DETERMINATION OF THE 129I IN PRIMARY COOLANT OF PWR
- DOI : 10.5516/NET.06.2012.040
- Author: CHOI KE CHON, PARK YONG JOON, SONG KYUSEOK
- Organization: CHOI KE CHON; PARK YONG JOON; SONG KYUSEOK
- Publish: Nuclear Engineering and Technology Volume 45, Issue1, p61~66, 25 Feb 2013
Among the radioactive wastes generated from the nuclear power plant, a radioactive nuclide such as 129I is classified as a difficult-to-measure (DTM) nuclide, owing to its low specific activity. Therefore, the establishment of an analytical procedure, including a chemical separation for 129I as a representative DTM, becomes essential.
In this report, the adsorption and recovery rate were measured by adding 125I as a radio-isotopic tracer (t1/2 = 60.14 d) to the simulation sample, in order to measure the activity concentration of 129I in a pressurized-water reactor primary coolant. The optimum condition for the maximum recovery yield of iodine on the anion exchange resins (AG1 x2, 50-100 mesh, Cl- form) was found to be at pH 7.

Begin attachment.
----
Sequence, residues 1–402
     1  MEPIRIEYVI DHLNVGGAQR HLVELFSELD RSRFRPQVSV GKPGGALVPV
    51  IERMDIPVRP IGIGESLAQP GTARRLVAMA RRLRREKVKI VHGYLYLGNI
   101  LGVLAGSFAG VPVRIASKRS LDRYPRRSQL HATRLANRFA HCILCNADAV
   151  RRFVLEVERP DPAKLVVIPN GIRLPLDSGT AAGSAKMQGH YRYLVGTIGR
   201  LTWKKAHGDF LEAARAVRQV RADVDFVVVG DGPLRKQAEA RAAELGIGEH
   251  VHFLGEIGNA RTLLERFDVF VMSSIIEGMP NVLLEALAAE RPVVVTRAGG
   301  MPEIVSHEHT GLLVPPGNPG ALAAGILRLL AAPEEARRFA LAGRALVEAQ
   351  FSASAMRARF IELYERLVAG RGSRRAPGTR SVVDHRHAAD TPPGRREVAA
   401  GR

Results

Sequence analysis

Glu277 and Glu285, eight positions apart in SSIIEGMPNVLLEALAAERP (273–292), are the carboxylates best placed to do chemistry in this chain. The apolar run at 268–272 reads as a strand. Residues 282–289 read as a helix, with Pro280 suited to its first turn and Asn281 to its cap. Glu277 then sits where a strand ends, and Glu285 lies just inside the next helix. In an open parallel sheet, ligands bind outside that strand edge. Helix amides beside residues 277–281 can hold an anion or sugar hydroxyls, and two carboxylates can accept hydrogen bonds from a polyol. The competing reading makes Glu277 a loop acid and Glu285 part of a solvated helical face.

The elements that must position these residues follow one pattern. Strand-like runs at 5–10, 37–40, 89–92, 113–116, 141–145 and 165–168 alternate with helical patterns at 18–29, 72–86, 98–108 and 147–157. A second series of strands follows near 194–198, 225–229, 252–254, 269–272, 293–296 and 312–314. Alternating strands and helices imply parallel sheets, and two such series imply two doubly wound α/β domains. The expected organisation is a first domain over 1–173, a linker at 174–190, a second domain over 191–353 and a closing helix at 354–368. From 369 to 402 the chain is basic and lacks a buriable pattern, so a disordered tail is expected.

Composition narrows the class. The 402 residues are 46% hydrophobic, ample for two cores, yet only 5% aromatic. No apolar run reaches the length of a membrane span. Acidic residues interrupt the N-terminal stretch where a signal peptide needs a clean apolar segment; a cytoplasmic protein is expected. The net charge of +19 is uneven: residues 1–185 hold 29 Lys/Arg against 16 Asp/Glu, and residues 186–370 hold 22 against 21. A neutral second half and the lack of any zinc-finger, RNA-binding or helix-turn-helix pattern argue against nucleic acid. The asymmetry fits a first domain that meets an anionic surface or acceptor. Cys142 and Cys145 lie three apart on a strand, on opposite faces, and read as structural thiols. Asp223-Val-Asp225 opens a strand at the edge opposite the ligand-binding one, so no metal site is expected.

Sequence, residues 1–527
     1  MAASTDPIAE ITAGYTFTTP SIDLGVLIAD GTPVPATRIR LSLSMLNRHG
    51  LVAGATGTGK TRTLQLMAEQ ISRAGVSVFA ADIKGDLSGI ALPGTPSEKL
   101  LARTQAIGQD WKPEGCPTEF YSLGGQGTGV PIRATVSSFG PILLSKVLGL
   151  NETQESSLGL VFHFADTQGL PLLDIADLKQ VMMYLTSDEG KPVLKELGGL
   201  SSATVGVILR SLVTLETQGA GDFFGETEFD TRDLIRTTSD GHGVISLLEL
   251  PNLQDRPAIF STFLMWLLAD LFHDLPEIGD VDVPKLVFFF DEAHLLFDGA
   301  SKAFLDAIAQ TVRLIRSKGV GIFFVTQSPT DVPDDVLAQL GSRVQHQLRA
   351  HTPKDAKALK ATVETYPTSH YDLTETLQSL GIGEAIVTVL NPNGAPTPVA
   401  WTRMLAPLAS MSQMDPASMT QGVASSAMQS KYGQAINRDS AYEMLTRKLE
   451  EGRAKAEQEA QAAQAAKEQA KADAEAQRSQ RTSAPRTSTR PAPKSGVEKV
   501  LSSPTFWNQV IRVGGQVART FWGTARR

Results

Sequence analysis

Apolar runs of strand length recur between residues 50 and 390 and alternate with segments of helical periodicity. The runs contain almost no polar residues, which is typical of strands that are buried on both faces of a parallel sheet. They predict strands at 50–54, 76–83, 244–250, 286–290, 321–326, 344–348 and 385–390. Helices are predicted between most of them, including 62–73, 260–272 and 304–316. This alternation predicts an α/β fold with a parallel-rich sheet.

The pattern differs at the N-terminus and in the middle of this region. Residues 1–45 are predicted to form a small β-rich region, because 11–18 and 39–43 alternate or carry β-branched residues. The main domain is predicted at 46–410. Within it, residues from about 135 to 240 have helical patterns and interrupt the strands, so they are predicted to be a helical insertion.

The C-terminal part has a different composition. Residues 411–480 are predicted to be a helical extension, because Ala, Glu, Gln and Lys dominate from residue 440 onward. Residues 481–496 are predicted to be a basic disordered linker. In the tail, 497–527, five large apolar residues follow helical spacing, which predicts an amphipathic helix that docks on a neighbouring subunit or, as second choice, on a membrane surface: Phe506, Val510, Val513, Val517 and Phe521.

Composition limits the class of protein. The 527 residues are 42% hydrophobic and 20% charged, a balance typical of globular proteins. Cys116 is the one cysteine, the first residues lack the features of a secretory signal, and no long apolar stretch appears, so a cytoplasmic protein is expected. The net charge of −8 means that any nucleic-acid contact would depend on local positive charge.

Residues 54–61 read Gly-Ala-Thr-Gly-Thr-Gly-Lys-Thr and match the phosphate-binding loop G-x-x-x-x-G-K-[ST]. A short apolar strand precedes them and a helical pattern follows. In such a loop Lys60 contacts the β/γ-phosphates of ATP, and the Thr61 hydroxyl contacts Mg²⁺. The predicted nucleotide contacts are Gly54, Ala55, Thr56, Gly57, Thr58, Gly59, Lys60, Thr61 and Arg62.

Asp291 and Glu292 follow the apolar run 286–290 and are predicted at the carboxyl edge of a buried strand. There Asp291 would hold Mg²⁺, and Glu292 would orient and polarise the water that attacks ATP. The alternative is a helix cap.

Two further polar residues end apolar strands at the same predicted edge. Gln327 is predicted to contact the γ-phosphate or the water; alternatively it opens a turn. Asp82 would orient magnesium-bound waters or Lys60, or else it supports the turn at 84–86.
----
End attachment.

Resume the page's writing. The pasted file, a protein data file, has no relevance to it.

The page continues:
In this report, the effect of the boron content in a pressurized-water reactor primary coolant on the separation process of 129I was examined, as was the effect of 3H on the measurement of the activity of iodine. As a result, no influence of the boron content and of the simultaneous 3H presence was found with activity concentrations of 3H lower than 50 Bq/mL, and with a boron concentration of less than 2,000 μg/mL.
129I , 125I , Primary Coolant , Anion-exchange Resin , H3BO3 , 3H
There is a growing consensus that the regulation of nuclear waste management of alpha or beta decay nuclides such as 129I has to be emphasized, and that a selection basis has to be made in terms of a disposal program of nuclear waste generated from a nuclear power plant and other nuclear facilities .